1900 - 1920

(Transition to the 20th century and First Two Decades)

A. CONTEXT AND CHRONOLOGY

(including art trends)

  1. Began in spirit of optimism; knocked down by the war; regroup
  2. Establishment of patterns and trends: transportation, technology, science, culture determining trivia
  3. America to the foreront
  4. Correlation of the Arts
  5. Media dissemination & commercial ramifications
  6. Art trends: earlier trends from 19th Century:

B. BASIC MUSICAL OVERVIEW

Isms and Macroview

  1. Ultra-chromaticism (Wagner) turns into expressionism-Viennese School (Late Romanticism)
  2. Impressionism
  3. Nationalism
  4. Exoticism
  5. Primitivism
  6. Realism: Verismo Opera

C. RAW POOL OF DATA

Summary from study of composers' outputs appropriate to this period

Composers of this period were faced with numerous problems, with the main on being the issue of how to deal with the tonal system, which had previously been blown to bits by Wagner. Schoenberg and his Viennese School dealt with this by adapting the leitmotif idea to short works (pieces) which achieved unity through maintaining intervallic relationships.

While a definitive tonal center was absent in this works, there were still a sense of pitchcentricity which provided a frame of reference. French composers, while not as strongly aligned to the Germanic tradition, made investigations into sonority and form, abandoning functional tonality. Unfortunately, the Impressionistic movement, which grew out of the Romantic tradition, was a "dead end." The significance of the movement lies in the fact that it proved alternatives to tradition were indeed possible. Other possibilities explored by the French were the use of imported resources adapted to fit the current musical language; this trend is known as Exoticism.

Russian composers, on the other hand, investigated native resources, manifesting in the Primitivist movement; explorations of rhythm were a primary concern, as were native themes.

In America, composers such as Ives concerned themselves with establishing a national musical tradition based upon the vernacular and cultivated materials of America. At the same time, "Germanophilia" was still quite strong in cultural centers such as Boston, affecting a resistance to change, while in New Orleans the acculturation of several culture's tradition was homogenized in the syncopated Dixieland style.


D. INTERPRETIVE IDEAS

1. World-view Crisis: Weltschmerz

2. Exhausted & embryonic musical traditions: groundclearing

3. Schoenberg/Berg/Webern: Retreat to the Ivory Tower

4. French Musical Renaissance (pre-Satie): Franck

5. Russian Nationalism (Glinka to Rimsky-Korsakov)

6. America: end of Germanophilia (finally)

7. Landmark-year approach: related to repertory:

1902: New/old aesthetics Fermentation & Crisis

1905-06: Crisis Escalates (What to do with Wagner/Tradition?)

1908: CRISIS !!!!!!!!

1912: First Solutions

1915-20: New Directions Emerge

E. REPERTORY TO TEST AND PROVE

1902


1905-06



1908









1912










1915-20

Debussy: Pelleas et Melisande
Jelly-Roll Morton (Ferdinand de Menthe) "invents" jazz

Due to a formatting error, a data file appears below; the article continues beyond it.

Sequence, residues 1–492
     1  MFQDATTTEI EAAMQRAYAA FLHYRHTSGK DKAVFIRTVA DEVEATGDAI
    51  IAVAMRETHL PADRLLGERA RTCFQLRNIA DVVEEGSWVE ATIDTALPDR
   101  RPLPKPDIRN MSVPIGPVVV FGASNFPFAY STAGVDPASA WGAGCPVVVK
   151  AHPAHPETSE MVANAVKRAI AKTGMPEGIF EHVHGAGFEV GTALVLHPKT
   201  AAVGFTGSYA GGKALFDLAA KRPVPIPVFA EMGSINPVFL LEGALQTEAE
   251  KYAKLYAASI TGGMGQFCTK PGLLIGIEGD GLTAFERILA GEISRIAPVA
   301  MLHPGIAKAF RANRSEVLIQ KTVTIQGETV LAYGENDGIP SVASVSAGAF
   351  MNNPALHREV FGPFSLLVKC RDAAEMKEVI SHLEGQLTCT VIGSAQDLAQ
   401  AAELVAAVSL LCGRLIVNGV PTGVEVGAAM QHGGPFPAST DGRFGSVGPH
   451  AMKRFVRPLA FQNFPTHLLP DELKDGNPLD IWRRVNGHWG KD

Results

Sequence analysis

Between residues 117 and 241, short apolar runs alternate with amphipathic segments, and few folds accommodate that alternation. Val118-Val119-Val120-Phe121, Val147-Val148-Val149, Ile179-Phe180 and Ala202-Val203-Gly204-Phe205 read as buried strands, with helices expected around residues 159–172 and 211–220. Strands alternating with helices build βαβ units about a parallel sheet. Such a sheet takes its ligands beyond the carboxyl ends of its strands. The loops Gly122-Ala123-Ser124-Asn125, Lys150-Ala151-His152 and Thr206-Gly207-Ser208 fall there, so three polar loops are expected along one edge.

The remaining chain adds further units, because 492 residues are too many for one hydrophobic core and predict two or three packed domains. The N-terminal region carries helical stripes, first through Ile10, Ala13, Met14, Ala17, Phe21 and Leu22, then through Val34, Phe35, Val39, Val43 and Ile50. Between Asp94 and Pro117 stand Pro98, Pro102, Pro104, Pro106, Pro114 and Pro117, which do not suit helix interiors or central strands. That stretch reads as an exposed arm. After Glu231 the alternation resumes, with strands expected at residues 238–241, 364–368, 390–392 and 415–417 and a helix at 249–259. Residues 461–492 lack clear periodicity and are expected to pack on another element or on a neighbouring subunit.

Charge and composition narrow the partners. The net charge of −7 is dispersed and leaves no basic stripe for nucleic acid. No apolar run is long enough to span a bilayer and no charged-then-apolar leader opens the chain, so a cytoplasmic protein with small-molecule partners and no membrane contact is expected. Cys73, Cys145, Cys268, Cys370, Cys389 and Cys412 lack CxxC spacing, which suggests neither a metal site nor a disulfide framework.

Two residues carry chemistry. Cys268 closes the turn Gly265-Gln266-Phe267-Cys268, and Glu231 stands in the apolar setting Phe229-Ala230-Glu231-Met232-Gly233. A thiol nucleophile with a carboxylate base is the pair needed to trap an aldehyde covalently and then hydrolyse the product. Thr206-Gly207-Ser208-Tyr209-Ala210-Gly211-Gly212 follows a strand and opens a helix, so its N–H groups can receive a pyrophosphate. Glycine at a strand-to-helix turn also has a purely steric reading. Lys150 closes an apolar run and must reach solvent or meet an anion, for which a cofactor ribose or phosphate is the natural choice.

Strauss: Salome
Schoenberg: String Quartet, op. 7
Ives: The Unanswered Question

Schoenberg: String Quartet #2, op. 10
Berg: Sonata for Piano, op. 1
Webern: Passacaglia for Orchestra, op. 1
Ravel: Gaspard de la Nuit
Mahler: Das Lied von der Erde
Joplin: Manual of Ragtime Exercises, Treemonisha
Bartok: Two Portraits, Bagatelles, String Quartet #1, Allegro
Barbaro, Bluebeard's Castle

Strauss: Der Rosenkavalier

Schoenberg: Pierrot Lunaire
Berg: Altenberg Lieder
Stravinsky: Rite of Spring
Debussy: Jeux
Ravel: Trois Poemes de Stephene Mallarme
Strauss: Ariadne auf Naxos
Ravel: Daphnis et Chloe
Debussy: Images
Berg: Five Pieces for Orchestra
Ives: Three Places in New England

Debussy: Syrinx, Sonata for Flute, Viola and Harp
Stravinsky: Soldier's Tale
Prokofiev: Classical Symphony
Berg: Wozzeck
Ravel: Le Tombeau de Couperin
Satie: Parade
Webern: Five Pieces op. 10



F. RETURN TO CONTEXT AND CHRONOLOGY

Mahler
suffered a great deal of idealistic anguish dealing with Wagner's system of expression
Strauss
was merely trying to make a living (a good one at that)
rejected
exoticism in favor of leitmotifs, which led him to bitonality
Debussy
embryonic/exhaustive viewpoint: distrustful of theory, suspicious of developmental processes
sound for the sake of sound
warns
against labels
Busoni
finds shortcomings with tonal system, equal temperment
propos
es to keep exploring
Ives
agrees with Busoni; proposes "back to nature" approach of investigation
Schoenberg
unappreciated and misunderstood by most, although some did appreciated his significance
was quite radical and threatening

mere application of a method does not create artistry
talks
about "rites of passage": evolution of the series
Schoenberg/Berg
proposed Societies where new music could be performed for those who could appreciate it, while avoiding and disregarding "taste publics"
Webern
breakup of tonality was inevitable;
use of all 12 notes creates
division in time;
necessity for miniatures connected with abandon
ment of tonality.
Composers didn't know what to do yet, because
"the light had been put out."
Stravinsky
idea of "Nature renewing herself" in Le Sacre
Stravinsky
viewed as a "Music wrecker"
pros and cons of the premiere's
reception
Igor understood being misunderstood, but didn't appreci
ate public's lack of good will.
Russolo
Futurist Manifesto promoted idea of a "Futurist" orchestra
idea
of new resources of sound
Bartok
back to nature solution
peasant music as a resource
Politics and
Music don't mix (In post WWI Hungary)